We will not reverse due to an error in admitting evidence that does not result in prejudice to the defendant. State v. Bourgeois, 133 Wn.2d 389, 403, 945 P.2d 1120 (1997). Where the error is from violation of an evidentiary rule rather than a constitutional mandate, we do not apply the more stringent "`harmless error beyond a reasonable doubt'" standard. Id. Instead, we apply "the rule that error is not prejudicial unless, within reasonable probabilities, the outcome of the trial would have been materially affected had the error not occurred." State v. Tharp, 96 Wn.2d 591, 599, 637 P.2d 961 (1981). "The improper admission of evidence constitutes harmless error if the evidence is of minor significance in reference to the overall, overwhelming evidence as a whole." Bourgeois, 133 Wn.2d at 403.

Thomas has not made a convincing argument that Anthony's comment was so prejudicial that, within reasonable probabilities, the outcome of his trial would have been different had Anthony not been allowed to answer the State's question. Given the total evidence, any error in allowing these comments would be of minor significance to the outcome here.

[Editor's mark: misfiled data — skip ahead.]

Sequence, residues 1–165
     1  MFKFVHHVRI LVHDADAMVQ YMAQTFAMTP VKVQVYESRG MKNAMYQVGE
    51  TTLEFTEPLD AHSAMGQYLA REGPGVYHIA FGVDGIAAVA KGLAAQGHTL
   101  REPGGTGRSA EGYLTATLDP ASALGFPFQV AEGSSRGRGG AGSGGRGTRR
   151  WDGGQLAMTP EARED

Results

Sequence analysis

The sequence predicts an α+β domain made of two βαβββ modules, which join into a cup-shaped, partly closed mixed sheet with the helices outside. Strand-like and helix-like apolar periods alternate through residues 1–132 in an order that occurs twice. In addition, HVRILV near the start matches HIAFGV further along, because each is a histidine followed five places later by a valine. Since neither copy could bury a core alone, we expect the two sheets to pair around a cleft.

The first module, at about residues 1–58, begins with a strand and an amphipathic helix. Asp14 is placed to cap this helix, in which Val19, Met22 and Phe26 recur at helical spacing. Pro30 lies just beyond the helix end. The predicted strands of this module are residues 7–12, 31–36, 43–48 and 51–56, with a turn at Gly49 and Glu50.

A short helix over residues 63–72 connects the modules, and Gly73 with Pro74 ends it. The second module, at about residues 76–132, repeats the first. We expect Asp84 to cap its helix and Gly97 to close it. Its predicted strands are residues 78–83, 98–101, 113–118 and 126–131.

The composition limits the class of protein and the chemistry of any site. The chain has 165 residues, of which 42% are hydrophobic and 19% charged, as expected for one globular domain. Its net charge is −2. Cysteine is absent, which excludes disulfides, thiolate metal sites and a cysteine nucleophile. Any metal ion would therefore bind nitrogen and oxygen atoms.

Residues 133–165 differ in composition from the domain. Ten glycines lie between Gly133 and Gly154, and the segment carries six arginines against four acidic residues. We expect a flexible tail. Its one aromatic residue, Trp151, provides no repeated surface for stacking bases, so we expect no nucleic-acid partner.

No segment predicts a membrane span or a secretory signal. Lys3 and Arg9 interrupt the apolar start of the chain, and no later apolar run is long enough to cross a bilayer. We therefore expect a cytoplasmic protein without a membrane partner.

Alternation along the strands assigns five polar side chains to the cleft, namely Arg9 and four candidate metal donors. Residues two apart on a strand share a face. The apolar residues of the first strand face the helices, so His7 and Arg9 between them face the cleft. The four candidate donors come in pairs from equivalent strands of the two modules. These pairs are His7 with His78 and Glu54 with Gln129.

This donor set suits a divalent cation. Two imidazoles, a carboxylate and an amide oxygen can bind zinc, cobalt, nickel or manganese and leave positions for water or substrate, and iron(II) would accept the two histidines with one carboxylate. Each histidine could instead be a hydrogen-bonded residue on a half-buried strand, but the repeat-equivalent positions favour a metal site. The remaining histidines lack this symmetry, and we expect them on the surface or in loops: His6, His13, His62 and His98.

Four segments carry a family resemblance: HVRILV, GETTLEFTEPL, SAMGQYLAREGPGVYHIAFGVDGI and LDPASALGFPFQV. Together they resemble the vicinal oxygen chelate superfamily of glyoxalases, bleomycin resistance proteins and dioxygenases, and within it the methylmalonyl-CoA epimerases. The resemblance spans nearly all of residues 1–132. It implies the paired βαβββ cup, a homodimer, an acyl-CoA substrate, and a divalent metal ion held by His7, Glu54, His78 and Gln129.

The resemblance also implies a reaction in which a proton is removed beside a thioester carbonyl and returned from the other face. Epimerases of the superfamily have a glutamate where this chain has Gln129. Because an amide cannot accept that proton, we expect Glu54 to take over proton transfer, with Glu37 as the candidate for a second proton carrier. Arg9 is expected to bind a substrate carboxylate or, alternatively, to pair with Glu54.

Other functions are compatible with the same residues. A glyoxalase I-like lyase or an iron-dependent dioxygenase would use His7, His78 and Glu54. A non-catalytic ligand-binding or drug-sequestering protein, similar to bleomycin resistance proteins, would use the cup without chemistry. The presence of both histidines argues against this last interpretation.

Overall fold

3. Admission of Vial of Blood

Thomas next challenges the trial court's admission of a vial of Geist's blood as irrelevant and unduly prejudicial. He presents no argument on this issue. Thomas's objection to this evidence was overruled with a finding from the court that this evidence was no worse than the pictures of Geist's body that were admitted. Given Thomas's lack of argument and showing of prejudice, we find no abuse of discretion in admitting this forensic evidence.

4. Webb's Testimony Regarding Thomas's Complexion

Thomas challenges the trial court's admission of Detective Webb's testimony that Thomas's complexion was more fair at the time of trial than he was when first contacted by police in March 1998. Thomas asserts that this testimony unnecessarily made race an issue in his trial when the shade of his skin was not relevant. The State disagrees and argues that identity was at issue and points out that there was testimony from Walker that he saw a "light-skinned African American" male driving Geist's van as he chased it the night of the murder as well as "`other suspect' evidence" regarding Lynch. Resp. to Pro Se Supplemental Br. at 9; see RP at 4169, 4248.